I Need You (Monument)Edit

From 1996 and 1999, Lee completed three mixed media installations that incorporate photographs of the artist with large scale inflatable forms. One of these installations, entitled I Need You (Monument) (1996), features a swelling, phallic object with a photograph of an orientalize and lingerie-clad Lee on the front. Beneath the mass lies an array of pedals for viewers to further aerate the object. Notable is Lee's juxtaposition of title and medium, which contrasts the vulnerability of inflatables with hegemonic ideas of what a monument is made of. Furthermore, her use of pedals draws attention to society's contribution to traditional ideals.[18]

Cyborg sculpturesEdit

Lee's series of cyborg sculptures created in 1997–2011 became well known.[19] The series started with Cyborg Red and Cyborg Blue in 1997–98. These works, as well as those that appear later in the series, feature decapitated anthropomorphic forms that are often missing an arm, leg, or both. Although the bodies read as female due to their hourglass shape, the idea of a cyborg transcends distinctions such as gender, race, and class. The cords attached to the figures appear to signify recovery and rebuilding. Rather than damage done intentionally to the piece such as Egyptian Sphinx, these sculptures convey the message that figures can be created the way they would like to be regardless of gender or background.[20] According to the Guggenheim museum, which owns and displays two of Lee's sculptures, "Embodied in these uncanny human surrogates are the desires and anxieties surrounding genetic engineering, cloning, and cosmetic surgery, concerns that arise from the increasing conflation of the body and technology."[11] The artist has stated that the cyborg is a trope for "our fear and fascination with the uncategorizable, the uncanny."[21] In her “Cyborg W1-W4” and “Anagram” series (late 1990s) are a culmination of the artist’s interest in the human desire for reinvention and improvement, an obsession pursued most conspicuously by Western and Asian women through cosmetic surgery. With a combination of mechanical joints and feminine curves, details of the large breasts, and W4's miniskirt dress. Are alluding to the changes that women in Japan and South Korea made to suit man. This is a jab at male gaze.[12]

Majestic SplendorEdit

Having been installed in a number of galleries around the world, Lee created her first rendition of Majestic Splendor in 1991 and has displayed it in exhibits several times since then. Majestic Splendor features several real dead fish that are decorated with sequins, beads, and other small flashy items. They are placed in plastic bags and pinned to the wall of the gallery in a grid pattern. Since they are real fish then over the course of the exhibition they begin to smell. In 1997, during the Projects showing at the Museum of Modern Art in New York, the exhibit had to be removed because the smell got so powerful that guards at the museum were becoming physically ill. After this Lee began using potassium permanganate, which is combustible, to help neutralize the smell.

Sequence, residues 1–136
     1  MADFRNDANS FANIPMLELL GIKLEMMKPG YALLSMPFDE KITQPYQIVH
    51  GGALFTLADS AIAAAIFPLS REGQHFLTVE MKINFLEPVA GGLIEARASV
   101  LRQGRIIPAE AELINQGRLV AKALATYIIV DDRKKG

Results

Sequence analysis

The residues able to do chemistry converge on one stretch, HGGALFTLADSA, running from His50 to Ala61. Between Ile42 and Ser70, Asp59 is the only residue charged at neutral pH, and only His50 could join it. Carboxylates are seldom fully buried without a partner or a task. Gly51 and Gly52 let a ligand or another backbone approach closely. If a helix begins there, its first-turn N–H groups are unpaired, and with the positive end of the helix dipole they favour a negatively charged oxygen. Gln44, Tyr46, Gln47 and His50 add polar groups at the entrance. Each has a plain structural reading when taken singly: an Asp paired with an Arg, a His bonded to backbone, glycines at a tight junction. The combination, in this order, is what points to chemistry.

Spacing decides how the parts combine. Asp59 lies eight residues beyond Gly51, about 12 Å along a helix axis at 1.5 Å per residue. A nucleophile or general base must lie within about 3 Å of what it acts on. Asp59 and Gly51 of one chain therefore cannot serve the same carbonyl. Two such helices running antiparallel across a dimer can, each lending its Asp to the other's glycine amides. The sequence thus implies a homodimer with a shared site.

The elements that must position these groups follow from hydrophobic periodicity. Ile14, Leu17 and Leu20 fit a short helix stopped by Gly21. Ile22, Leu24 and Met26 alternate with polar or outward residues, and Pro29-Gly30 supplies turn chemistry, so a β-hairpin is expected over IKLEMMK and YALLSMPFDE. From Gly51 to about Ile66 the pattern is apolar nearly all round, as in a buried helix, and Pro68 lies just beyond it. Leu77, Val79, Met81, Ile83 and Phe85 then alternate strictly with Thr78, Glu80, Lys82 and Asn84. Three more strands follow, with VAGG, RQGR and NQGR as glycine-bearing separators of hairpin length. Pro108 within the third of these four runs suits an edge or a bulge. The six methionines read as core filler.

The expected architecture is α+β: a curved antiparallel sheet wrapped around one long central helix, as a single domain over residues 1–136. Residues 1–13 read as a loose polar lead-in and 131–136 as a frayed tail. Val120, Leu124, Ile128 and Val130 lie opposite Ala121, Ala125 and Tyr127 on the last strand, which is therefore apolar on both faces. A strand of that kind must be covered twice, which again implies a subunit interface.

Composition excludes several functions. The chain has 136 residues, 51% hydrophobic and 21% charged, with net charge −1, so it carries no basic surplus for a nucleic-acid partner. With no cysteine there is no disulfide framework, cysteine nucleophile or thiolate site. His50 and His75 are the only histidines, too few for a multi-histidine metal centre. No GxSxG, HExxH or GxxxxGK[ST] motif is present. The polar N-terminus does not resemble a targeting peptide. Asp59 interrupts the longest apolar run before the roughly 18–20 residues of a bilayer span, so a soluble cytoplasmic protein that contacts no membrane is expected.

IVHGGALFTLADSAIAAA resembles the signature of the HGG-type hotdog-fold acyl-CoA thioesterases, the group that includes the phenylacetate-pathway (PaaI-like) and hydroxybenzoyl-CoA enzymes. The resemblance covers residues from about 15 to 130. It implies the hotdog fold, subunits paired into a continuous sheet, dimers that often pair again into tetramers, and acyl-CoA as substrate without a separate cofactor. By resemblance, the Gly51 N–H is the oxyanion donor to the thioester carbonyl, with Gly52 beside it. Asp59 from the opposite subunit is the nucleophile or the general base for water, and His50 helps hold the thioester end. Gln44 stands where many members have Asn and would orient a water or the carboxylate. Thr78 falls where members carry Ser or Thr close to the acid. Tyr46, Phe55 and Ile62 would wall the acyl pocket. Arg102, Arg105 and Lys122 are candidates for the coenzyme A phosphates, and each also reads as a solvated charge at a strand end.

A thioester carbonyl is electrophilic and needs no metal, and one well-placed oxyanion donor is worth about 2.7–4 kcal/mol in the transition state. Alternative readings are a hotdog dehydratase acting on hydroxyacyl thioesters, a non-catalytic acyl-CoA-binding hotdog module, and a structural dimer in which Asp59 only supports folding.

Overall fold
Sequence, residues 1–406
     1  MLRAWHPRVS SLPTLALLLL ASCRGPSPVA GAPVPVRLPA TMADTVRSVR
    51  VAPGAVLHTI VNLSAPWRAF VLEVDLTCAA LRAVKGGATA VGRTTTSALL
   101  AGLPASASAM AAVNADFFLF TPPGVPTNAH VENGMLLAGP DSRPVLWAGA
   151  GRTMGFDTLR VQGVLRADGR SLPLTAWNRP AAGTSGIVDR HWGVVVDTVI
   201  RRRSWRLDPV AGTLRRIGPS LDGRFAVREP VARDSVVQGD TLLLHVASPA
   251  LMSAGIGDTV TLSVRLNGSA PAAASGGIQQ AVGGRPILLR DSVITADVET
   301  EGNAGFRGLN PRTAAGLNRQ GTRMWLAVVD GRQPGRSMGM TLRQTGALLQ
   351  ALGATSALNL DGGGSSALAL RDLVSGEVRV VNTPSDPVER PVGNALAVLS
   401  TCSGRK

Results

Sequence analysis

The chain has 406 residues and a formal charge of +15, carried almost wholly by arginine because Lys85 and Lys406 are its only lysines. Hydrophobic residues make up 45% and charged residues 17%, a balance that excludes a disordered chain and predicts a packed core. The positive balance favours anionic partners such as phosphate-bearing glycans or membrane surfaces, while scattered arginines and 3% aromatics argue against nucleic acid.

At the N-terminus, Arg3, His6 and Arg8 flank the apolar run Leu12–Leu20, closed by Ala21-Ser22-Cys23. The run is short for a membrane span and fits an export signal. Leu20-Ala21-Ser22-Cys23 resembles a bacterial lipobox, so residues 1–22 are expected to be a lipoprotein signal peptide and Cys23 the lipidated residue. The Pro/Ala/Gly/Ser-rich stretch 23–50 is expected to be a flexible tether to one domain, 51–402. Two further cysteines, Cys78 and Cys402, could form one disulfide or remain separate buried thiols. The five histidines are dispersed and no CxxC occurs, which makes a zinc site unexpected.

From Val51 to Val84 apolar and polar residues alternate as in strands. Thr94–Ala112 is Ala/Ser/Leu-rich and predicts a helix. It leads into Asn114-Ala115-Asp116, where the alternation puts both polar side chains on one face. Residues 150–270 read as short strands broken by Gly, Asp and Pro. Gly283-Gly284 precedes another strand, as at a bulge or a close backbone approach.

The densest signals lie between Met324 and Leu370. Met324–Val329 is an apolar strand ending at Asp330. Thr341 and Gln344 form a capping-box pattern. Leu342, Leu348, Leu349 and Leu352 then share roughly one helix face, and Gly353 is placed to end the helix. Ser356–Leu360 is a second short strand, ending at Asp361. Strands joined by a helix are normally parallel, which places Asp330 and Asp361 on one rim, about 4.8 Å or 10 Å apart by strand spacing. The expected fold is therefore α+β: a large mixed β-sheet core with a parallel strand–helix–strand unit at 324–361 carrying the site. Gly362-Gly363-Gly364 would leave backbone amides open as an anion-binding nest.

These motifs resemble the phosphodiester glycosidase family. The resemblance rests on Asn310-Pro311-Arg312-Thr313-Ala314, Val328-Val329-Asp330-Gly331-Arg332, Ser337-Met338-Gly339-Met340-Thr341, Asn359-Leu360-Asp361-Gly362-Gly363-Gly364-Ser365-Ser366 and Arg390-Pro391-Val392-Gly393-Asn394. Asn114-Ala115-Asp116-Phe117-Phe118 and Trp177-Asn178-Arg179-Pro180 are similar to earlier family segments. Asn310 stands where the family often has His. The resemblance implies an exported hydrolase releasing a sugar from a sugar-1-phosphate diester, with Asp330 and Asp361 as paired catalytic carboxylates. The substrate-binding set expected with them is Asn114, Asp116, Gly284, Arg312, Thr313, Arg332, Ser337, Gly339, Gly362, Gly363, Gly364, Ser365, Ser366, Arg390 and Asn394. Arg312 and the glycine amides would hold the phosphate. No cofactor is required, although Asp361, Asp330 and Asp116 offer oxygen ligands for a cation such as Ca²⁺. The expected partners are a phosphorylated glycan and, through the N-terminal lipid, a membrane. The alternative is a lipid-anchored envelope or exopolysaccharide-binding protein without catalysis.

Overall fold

In 2018 Majestic Splendor was intended to be on display at the Hayword Gallery in London as part of Lee Bul: Crashing, however, after being made aware of the potential dangers of potassium permanganate it was decided that the work would not be suitable to have on public display. While it was being removed from the premises the potassium permanganate activated and started a small fire, delaying the opening of the exhibition.[22]


Lee Bul has had solo exhibitions worldwide including Live Forever which toured the New Museum of Contemporary Art in New York and The Power Plant in Toronto. She was selected as a finalist for the 1998 Hugo Boss Prize by the Guggenheim Museum, New York.

Other museums that have presented exhibitions of her work include Fondation Cartier, Paris;[23] Domus Artium, Salamanca; Museum of Contemporary Art, Sydney; Japan Foundation, Tokyo; MAC, Musée d'Art Contemporain, Marseille; Le Consortium;[24] Fabric Workshop and Museum, Philadelphia;[25] Kunsthalle Bern, Switzerland; and the Museum of Modern Art, New York.[26]

In March 2010, the Hara Museum ARC unveiled a permanent installation by Lee Bul entitled A Fragmentary Anatomy of Every Setting Sun. In February 2012, Tokyo's Mori Art Museum mounted a mid-career survey exhibition, the artist's largest exhibition to date.[27]

In this video "Artist Lee Bul reveals her thinking and inspiration behind her site-specific installation at the Turbine Hall of the Industrial Precinct on Cockatoo Island, titled ‘Willing To Be Vulnerable’ (2015–16) for the Embassy of the Real." Biennale of Sydney, "Artist interview with Lee Bul about Willing To Be Vulnerable," in Smarthistory, September 10, 2021, accessed December 1, 2021, https://smarthistory.org/artist-interview-with-lee-bul-about-willing-to-be-vulnerable/.

The Southbank Centres newly reopened Hayward Gallery hosted a survey of Lee's artists work beginning at the end of May 2018, her first in London; which explores the artist’s extensive investigation into the body and its relationship to architectural space. Occupying the entire gallery, this exhibition includes documentation of early performances, sculptural works from the iconic Monster, Cyborg and Anagram series and recent immersive installations, as well as a selection of the artist’s studio drawings.[28][29]

In November 2020, an exhibition of the artist's work opened at St. Petersburg's Manege Central Exhibition Hall, 'marking a first-time encounter between Lee Bul's works and those by artists of the Russian avant-garde that influenced them.'[30]

Solo exhibitionsEdit

Year[31] Title Gallery Location
1988 IL Gallery Seoul, South Korea
1994 Unforgiven A Space Toronto
1997 Projects Museum of Modern Art New York, NY
1998 Artsonje Center Seoul, South Korea
1999 Korean Pavillion, 48th Venice Biannale* Venice, Italy
Kunsthalle Bern Bern, Switzerland
2000 Fukuoka Asian Art Museum Fukuoka, Japan
Kukje Gallery Seoul, South Korea
2001 Fabric Workshop and Museum Philadelphia, PA
SCAI the Bathhouse Tokyo, Japan
San Francisco Art Institute San Francisco, CA
BAWAG Foundation Vienna, Australia
2002 The Power Plant Toronto, Canada
MAC, Galeries Contemporaines des Musées de Marseille Marseille, France
Jean Paul Slusser Gallery, University of Michigan Ann Arbor, MI
Life Forever New Museum of Contemporary Art New York, NY
Le Consortium centre d'art contemporain Dijon, France
PKM Gallery Seoul, South Korea